Here, I should note that most of the Crown Jewels, the anointing spoon being an exception, only date back to the reign of Charles II. When Oliver Cromwell disbanded the monarchy, he destroyed most of the crown jewels and used them to fund the English treasury.

The object which is at the center of the ceremony is the Coronation Chair. The Coronation Chair is older than the anointing spoon. It was built by Edward I and used in the coronation of Edward II in 1308. 

The chair is wooden and built to hold an object known as the Stone of Scone. The Stone of Scone was a stone that Scottish kings were crowned on. Edward took it in 1296 as a symbol of his dominance over the Scots. 

However, when Queen Elizabeth I died, King James VI of Scotland suddenly became King James I of England. With the thrones of England and Scotland now unified, the Stone of Scone and the Coronation Chair became a symbol of the unity of the two countries. 

The coronation chair and the Stone of Scone are only actually used during the physical anointing and placing of the crown upon the monarch’s head. Other than that, the king will be sitting elsewhere. 

For years the Scots demanded the return of the stone to Scotland, which finally happened in 1996. However, its return was predicated that it be used in any future coronation ceremonies. 

The actual coronation will involve several objects, which are collectively the crown jewels. They include jewel-encrusted swords, an orb, spurs, bracelets, and other objects which only ever see use during coronation ceremonies. 

There are two objects in particular that Charles will hold in his hands, an orb and a scepter.  

The Sovereign’s Orb is a golden jewel-encrusted ball with a cross on the top, which is held in the monarch’s left hand during the coronation. The orb weighs 1.07 kg or 2.4 pounds. 

In his other hand will be held the scepter. There are six scepters in the collection, but the main one which is used during the ceremony is called the Sovereign’s Sceptre with Cross.

There are two crowns used during the ceremony. The first of which is the crown of Saint Edward. 

St. Edward’s Crown is named after St. Edward the Confessor, a King of England. The original crown was destroyed after the execution of Charles I, and the current crown was recreated for Charles II after the restoration in 1661.

The crown is 12 inches tall and weighs five pounds, and is made of solid gold. There are four arches at the top with a purple velvet cloth under the arches, and it is adorned with 444 precious stones. 

Not every monarch has used the crown during their coronation ceremony. The only monarchs who have used the crown are Charles II, James II, William III, George V, George VI, and Elizabeth II.

The St. Edward’s Crown is usually only used during the coronation itself, which means it was last used in 1953.  It is possible that King Charles will never wear the crown again after this ceremony.

The second crown used by the monarch after the coronation is called the Imperial State Crown. It was created in 1937 and is slightly smaller and lighter than the St. Edward’s Crown.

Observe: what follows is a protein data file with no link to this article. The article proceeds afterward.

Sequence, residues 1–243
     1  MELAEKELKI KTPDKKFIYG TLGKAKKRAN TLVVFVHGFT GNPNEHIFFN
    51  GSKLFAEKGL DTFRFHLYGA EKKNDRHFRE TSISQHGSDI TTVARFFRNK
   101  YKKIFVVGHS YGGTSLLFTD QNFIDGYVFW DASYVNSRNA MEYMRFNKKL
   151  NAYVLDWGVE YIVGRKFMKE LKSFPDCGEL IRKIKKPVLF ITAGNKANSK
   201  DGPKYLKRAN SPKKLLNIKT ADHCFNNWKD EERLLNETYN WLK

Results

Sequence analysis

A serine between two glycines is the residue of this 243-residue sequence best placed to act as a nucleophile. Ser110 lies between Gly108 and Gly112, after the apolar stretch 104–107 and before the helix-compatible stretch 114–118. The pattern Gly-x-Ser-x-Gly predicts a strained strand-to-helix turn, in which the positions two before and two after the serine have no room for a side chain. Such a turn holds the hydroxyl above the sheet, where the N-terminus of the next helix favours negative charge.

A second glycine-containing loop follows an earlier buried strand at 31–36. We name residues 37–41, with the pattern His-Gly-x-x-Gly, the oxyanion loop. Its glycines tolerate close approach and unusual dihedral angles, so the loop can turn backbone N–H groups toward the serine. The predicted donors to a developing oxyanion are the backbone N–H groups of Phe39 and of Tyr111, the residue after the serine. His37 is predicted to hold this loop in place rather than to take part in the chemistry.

This is the crown that the monarch traditionally wears during the opening of parliament. The crown has a whopping 2,901 precious stones, including the literal crown jewel: the Cullinan II diamond, which is 317.4 carats or 63.48 grams. It also has such noteworthy gems as the St Edward’s Sapphire, the Stuart Sapphire, and the Black Prince’s Ruby.

Charles is not the only person being crowned. His wife Camila will also be crowned as queen.

As I’ve mentioned in previous episodes, there is only one type of king in the United Kingdom, a king monarch. However, there are three types of queens, a queen monarch, a queen consort, and a queen dowager. 

After the death of Queen Elizabeth II, you constantly heard Camilla referred to as the Queen Consort. This was because, for the last 70 years, whenever someone referred to the queen, they were referring to a queen monarch, and there was a need to clarify that while the titles were the same, the roles were very different. 

Prince Philip was not crowned during Queen Elizabeth’s coronation because there is no equivalent role for a male consort of a female monarch. 

After the crown is placed on the head of the king, it is traditionally followed by members of the nobility kneeling before the monarch, pledging their loyalty. However, in this ceremony, the only person who will publicly pledge their loyalty will be Charle’s son, William, Prince of Wales. 

Sometime, probably in the next year, there might be a separate investiture ceremony for William as Prince of Wales at Carnarvon Castle in Wales. 

In the background of everything taking place during the coronation will be music. Some of the music will be very traditional. For example, during the actual anointing, Zadok the Priest, by George Frideric Handel, will be played. 

That piece was actually written by Handel for the coronation of King George II in 1727. 

When Charles arrives at Westminster Abbey, a special coronation march will be played written by Patrick Doyle, the composer who did the score for many films, including several Harry Potter movies. 

An anthem for the coronation titled “Make A Joyful Noise” was composed by Andrew Lloyd Weber. 

There will be a wide spectrum of music performed during the ceremony, which includes a mix of traditional music as well as music from contemporary composers. 

Regardless of what your personal opinions of the institution of monarchy might be, the coronation of a British monarch isn’t something that happens very often. It is one of the few ancient traditions which has survived into the modern world and one of the few opportunities for pomp and ceremony.